The Martlet attended several films at this year’s 25th Victoria Film Festival. Here are some of our favourites.
Eternal Winter (Örök tél in Hungarian) is the heart-wrenching story of a Hungarian woman in the 1940s who falls in love during her imprisonment in a Soviet labour camp. Irén Walter (Maria Gera) is a Hungarian woman forced into a camp because of her German heritage, but is determined to make it home. The Soviets are collecting anyone of German descent to work in labour camps, rebuilding after the Nazis’ destruction in WWII.
From the moment Irén is taken from her home in Hungary, the story keeps asking: will she make it home?
Throughout most of the first half of the film it is hard to believe that Irén will make it out alive. Irén befriends a deaf girl named Anna (Laura Döbrösi) who poses an obstacle to Irén’s goal of making it home. Irén helps Anna by working with her in a small coal mine where the work is nearly impossible. After weeks of working into the night and returning to the camp with nothing to eat, Anna develops typhoid. In the saddest scene of the movie, Irén gives away her wedding ring to get Anna medicine, only to watch Anna die in the cold and get eaten by a wolf before the medicine arrives.
After Irén loses Anna, she has very little to hold onto and develops typhoid. She is very weak when Rajmund (Sándor Csányi) comes and takes her from a room filled with other dying prisoners. Rajmund bribes the doctor with cigarettes, allowing Irén to receive the care she needs. The two fall in love and Rajmund shows Irén not just how to survive, but also how to salvage a little bit of dignity within the camp.
Rajmund is a friend to Irén, but also makes achieving her goal of getting home more difficult. He helps Irén through her immediate goal of survival by getting her treatment and by bringing her supplies. However, he tells her that when it comes to thinking about returning home, “there’s no remembering, there’s no dreaming.” This is something that Irén cannot accept.
Irén and Rajmund’s love is what helps them survive. They work together, eat together, and, as time passes and the prisoners get more liberties, they eventually end up living together.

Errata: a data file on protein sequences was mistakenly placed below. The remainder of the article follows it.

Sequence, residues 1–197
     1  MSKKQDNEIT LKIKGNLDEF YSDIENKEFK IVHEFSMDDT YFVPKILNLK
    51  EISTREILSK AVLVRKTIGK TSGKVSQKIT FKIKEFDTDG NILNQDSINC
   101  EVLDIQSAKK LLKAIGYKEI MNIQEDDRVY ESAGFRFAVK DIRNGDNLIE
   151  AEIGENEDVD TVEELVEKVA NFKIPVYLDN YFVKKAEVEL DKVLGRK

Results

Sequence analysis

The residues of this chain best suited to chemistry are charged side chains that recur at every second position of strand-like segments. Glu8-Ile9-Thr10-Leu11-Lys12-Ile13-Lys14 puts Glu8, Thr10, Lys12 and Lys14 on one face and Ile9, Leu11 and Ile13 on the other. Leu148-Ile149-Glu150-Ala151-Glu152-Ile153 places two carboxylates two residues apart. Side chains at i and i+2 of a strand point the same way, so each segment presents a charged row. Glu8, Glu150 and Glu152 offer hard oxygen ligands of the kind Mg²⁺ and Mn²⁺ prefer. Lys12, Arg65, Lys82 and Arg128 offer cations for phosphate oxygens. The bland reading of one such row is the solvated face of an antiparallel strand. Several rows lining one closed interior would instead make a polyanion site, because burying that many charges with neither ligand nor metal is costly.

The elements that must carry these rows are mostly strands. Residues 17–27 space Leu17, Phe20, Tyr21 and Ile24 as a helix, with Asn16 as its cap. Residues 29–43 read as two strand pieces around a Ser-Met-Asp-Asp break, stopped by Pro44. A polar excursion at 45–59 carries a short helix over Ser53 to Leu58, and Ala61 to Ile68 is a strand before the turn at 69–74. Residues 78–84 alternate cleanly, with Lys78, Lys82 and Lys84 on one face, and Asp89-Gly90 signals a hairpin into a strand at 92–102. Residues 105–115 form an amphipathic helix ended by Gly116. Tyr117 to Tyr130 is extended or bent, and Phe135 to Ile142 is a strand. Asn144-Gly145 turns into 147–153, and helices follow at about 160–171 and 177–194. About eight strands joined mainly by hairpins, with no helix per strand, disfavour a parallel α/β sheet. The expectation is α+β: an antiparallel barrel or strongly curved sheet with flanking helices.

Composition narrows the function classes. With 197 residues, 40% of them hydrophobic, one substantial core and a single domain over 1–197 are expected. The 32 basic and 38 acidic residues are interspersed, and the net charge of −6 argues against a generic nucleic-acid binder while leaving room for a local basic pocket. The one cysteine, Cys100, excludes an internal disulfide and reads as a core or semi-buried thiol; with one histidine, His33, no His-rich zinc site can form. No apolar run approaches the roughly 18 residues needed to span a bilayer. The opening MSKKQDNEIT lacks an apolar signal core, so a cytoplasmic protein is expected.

When it is finally time to leave, Rajmund tries to convince Irén to declare herself a German and begin a new life with him. Unbeknownst to him, however, Irén chooses to return home to Hungary, and Rajmund is left alone.
Eternal Winter made it’s B.C. Premier at the Victoria Film Festival this February, and Director Attila Szász is to be applauded for his work. Having already won Best Director at the Montreal Film Festival, we should expect to see Szasz receive more recognition in the future.
Breandan McGhee of the Reel Rant podcast
The hosts of the Reel Rant podcast were excited to celebrate the Victoria Film Festival’s 25th anniversary by watching Joe Penna’s Arctic starring Mads Mikkelsen.
In a moment of kismet, the film played to a sold-out theatre the ame night the snow arrived in Victoria.
Obviously, a film starring Mads Mikkelsen is bound to be a crowd pleaser. But check out the Reel Rant’s “Rant #54” to hear our specific thoughts on it.
And if you’re looking for new podcast, the Reel Rant focuses on bringing people together through film as way to hear everyone’s individual perspectives and stories.
You can stream the Reel Rant podcast directly through their website at www.thereelrant.com.
On Feb. 2, I had the pleasure seeing the Bojarín siblings’ innovative family documentary 306 Hollywood, as part of the Victoria Film Festival’s 25th anniversary. The film details the story of their Grandma Annette, as told through the items in her home after her death in 2001.
Through thorough investigation and artistic organization, the Bojaríns attempt to recreate the past in an effort to keep her spirit alive. Those searching for a conventional plot should seek elsewhere; this film plays like a life. It is bound slightly to chronology, but lacks a definite beginning-middle-end, moving more through memories and musings than events in a sequence.
Creators Elan and Jonathan had heaps of footage before they began shooting. For a decade they filmed annual interviews with Grandma, and found audiotapes dating from even further back. This served as part of the inspiration to “turn Grandma’s house into an archeological dig,” given everything she owned lost its purpose when she died. From postcards to party dresses, band-aid boxes and old bills, everything is subjected to further inspection in 306 Hollywood. Over a period of 11 months, the siblings dug through the contents of the house and pieced together the story of an ordinary woman.
What spoke most to me about the film was the cinematography. It is dreamy and captivating, meant to draw the viewer away from its more mundane subject matter. The use of mirrors, shadow play, and magnification offer just a few examples of their perceptual bending. The mixing of home videos with post-humous footage of the house draws us away from the solid world of the present. It feels less like you’re watching something unfold, and more as though you’re adrift in a sea of ruminations.
Through interviews with historians, archeologists, and physicists, we are asked to wonder what happens after we die. What traces of our lives will remain? How impactful are the actions of one individual? Though this is not a film of answers, 306 Hollywood warmly invites you to ask.